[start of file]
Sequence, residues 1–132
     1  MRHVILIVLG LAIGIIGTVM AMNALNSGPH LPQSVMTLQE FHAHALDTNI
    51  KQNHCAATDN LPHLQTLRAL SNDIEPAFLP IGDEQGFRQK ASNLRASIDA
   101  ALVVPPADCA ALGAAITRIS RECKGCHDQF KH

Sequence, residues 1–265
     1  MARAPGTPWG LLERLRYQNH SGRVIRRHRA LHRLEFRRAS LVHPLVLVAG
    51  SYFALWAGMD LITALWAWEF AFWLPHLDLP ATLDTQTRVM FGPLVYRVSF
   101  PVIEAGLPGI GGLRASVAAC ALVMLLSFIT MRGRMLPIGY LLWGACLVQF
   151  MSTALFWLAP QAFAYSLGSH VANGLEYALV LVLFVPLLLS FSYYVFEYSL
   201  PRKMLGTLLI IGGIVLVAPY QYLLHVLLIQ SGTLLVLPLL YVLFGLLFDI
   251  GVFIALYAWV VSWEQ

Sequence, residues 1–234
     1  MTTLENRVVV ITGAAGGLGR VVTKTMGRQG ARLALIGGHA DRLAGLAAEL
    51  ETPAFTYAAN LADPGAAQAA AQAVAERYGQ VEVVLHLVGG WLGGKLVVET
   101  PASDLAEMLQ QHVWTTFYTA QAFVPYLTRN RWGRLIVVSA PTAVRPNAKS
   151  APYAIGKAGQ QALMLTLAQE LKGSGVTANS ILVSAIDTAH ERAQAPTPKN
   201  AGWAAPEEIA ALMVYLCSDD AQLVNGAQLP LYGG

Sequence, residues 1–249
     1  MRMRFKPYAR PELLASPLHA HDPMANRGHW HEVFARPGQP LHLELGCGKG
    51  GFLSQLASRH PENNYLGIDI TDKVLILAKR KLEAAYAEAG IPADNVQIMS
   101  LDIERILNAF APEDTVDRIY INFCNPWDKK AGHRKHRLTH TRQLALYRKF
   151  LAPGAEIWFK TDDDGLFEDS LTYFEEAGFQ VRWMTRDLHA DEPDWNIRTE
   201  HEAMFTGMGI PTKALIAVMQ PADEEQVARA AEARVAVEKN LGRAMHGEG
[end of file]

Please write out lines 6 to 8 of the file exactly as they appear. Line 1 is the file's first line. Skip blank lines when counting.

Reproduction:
     1  MARAPGTPWG LLERLRYQNH SGRVIRRHRA LHRLEFRRAS LVHPLVLVAG
    51  SYFALWAGMD LITALWAWEF AFWLPHLDLP ATLDTQTRVM FGPLVYRVSF
   101  PVIEAGLPGI GGLRASVAAC ALVMLLSFIT MRGRMLPIGY LLWGACLVQF